Builsa North school dropouts dare to hope!
By Francisca Kakra FORSON
It is not the first time that I had the opportunity to travel elsewhere in Ghana where life was a bit different from what was in my eyes. Indeed in 2012, I joined UNICEF go up North on field visits to some of their education and health projects in some communities in Tamale. It was a great learning experience for me as a young journalist to find out how communities collectively use their waste (faeces) as manure for their farms and avoid open defecation, or for young mothers to be encouraged to feed their infants with beans as an alternative protein.
The only down side to the trip was firstly, when the airline fly540 decided to send my luggage to Kumasi and fly me and the rest of the team of journalists and UNICEF staff (plus their luggage) to Tamale and secondly when a burglar broke into my room at Gariba Lodge and carried away all I had left, my backpack (containing my work tools). My purpose for the trip seemed defeated by these unexpected events and I had nothing, but the clothes I wore to bed in an empty hotel room screaming thief, shaken by the experience yet hoping I’d open my eyes at some point and it would all be over. The wheels had come off the bus!
Life does happen, especially when you least expected… and oh no, I will not give you the make lemonades cliché. #yatiiaabr3. Losing hope is never that an easy thing for many of us and in as much as close friends and family would empathise; soon everyone forgets about your “wahala” (troubles) and moves on. What happens after then? Do you eventually fall off or somehow find your way?
We drove to Bolgatanga and began our field visits to some of UNICEF Ghana’s education projects the following day as the flight to Tamale was delayed by 6 hours or so. UNCEF has been working with donors, USAID and the Ghana Education Service in one of its programmes; the School for Life, which is a Complementary Basic Education (CBE).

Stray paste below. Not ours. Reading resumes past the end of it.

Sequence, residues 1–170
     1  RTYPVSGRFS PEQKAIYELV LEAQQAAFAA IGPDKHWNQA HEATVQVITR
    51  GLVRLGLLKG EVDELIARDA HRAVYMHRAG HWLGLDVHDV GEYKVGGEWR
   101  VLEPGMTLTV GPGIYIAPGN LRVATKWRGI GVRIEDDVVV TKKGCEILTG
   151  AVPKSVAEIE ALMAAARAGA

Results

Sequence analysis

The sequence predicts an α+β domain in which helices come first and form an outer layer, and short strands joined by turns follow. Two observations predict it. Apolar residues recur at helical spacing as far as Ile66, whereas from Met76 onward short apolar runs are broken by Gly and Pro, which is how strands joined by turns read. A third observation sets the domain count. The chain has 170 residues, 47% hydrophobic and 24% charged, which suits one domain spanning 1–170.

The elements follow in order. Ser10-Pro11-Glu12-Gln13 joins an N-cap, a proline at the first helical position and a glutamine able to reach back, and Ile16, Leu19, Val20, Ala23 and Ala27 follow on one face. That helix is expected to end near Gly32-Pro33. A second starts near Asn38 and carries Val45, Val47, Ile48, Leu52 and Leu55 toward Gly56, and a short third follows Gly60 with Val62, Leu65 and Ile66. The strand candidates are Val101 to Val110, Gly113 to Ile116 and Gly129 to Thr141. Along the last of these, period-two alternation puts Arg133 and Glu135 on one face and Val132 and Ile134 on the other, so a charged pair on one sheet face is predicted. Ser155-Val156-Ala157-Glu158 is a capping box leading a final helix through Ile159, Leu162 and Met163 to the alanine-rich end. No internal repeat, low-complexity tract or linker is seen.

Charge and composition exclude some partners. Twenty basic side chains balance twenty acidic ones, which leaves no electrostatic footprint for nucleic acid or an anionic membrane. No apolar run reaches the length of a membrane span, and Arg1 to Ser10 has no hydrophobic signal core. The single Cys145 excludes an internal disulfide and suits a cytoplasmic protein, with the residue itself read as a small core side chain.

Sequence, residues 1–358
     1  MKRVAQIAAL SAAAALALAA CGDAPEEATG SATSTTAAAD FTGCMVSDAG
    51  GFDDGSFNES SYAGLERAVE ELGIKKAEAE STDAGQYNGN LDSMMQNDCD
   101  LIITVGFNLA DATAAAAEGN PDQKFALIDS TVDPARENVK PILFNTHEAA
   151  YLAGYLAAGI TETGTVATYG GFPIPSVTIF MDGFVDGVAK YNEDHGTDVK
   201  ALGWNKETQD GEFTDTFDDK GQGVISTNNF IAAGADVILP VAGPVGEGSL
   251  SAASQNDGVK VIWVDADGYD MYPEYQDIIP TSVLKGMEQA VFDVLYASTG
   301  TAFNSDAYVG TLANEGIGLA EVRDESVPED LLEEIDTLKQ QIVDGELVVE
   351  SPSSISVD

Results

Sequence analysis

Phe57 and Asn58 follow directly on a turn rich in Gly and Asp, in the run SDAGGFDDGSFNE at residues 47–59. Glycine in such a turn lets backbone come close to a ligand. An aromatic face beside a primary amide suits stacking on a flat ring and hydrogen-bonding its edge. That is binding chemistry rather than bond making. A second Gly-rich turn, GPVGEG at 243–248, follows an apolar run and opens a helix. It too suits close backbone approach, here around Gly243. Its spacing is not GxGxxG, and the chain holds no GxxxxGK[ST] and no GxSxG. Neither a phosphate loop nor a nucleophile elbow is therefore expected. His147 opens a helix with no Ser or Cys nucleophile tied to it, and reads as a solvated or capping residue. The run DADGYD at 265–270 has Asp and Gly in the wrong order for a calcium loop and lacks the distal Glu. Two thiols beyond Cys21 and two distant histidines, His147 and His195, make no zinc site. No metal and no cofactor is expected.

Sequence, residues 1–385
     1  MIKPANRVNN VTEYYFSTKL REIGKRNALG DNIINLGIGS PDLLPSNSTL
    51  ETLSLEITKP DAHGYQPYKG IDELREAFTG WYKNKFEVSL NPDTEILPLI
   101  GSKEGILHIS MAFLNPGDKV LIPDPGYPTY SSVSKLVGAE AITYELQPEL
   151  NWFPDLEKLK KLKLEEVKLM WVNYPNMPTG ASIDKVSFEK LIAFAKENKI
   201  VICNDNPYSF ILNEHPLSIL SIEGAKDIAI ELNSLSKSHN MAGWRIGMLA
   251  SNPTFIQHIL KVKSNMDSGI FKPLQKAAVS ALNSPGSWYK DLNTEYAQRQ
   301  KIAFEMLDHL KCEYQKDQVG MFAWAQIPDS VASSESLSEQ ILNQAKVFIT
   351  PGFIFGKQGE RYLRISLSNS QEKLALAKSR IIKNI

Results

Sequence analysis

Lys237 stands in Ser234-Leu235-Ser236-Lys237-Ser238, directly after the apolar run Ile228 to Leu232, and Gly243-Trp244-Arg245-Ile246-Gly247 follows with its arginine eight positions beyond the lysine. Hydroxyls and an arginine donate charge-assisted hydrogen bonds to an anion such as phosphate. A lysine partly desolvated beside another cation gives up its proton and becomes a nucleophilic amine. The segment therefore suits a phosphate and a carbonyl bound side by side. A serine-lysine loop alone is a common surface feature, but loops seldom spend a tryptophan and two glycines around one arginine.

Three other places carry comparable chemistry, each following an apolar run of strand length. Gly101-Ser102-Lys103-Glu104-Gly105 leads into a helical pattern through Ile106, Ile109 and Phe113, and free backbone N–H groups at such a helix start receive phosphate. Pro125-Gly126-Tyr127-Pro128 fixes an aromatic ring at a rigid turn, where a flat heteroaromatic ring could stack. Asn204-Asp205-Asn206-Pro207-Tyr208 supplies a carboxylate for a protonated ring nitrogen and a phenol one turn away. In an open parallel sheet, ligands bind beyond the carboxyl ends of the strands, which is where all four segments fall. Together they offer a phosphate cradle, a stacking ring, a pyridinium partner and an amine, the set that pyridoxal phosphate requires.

CBE is helping those children who may have dropped out of school or may have never attended, to find their way to the classroom, maybe a few years behind, but they are young and there is no race. This programme also caters for children who are not given a chance because of disabilities often associated with witchcraft and gender, with the aim of ensuring inclusive education.
The first stop was Kaasa Primary School of about 300 children, where we met specially trained teachers for the entire programme which runs for nine months. We were led by Alhassan Andani, who works at the CBE Builsa North district office as the Monitoring and Evaluation Officer in Charge of Literacy Classes.
“The objective of the complementary basic education is to give children who are out of school or who must have dropped out of school some training in literacy, literacy skills to enable them enter into the formal schools. We also aim at eradicating; eliminating or reducing early girl child marriages…we also aim at providing access to and relevant quality education to children in rural, underserved and hard to reach areas.”
At Kaase I met a wonderful little girl, Anyenlie who told me she loved to draw. I told her, “Well so do I.”
Now allow me to introduce to you a future president, Afli. That’s his dream.
This is a day I will forever hold dearly to my heart. The time spent with these adorable, bright children full of hope irrespective of real challenges. I am grateful to UNICEF Ghana and more especially little Elizabeth, Matherline, Anyeline, Priscilla, Lamisi, all the girls and Afli for daring to hope. Your beautiful smiles and laughter, innocence and determination rubbed off me. I am grateful to Mr Andani and Angela Asoakta of CBE Builsa North. God bless you.